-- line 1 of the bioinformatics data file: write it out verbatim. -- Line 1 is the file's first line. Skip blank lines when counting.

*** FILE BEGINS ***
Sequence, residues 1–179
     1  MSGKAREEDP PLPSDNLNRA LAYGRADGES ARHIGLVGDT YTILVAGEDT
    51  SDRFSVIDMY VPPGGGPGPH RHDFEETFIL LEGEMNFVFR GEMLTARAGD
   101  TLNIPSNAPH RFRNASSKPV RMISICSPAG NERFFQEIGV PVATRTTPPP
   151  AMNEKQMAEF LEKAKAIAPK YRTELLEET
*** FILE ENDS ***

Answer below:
Sequence, residues 1–179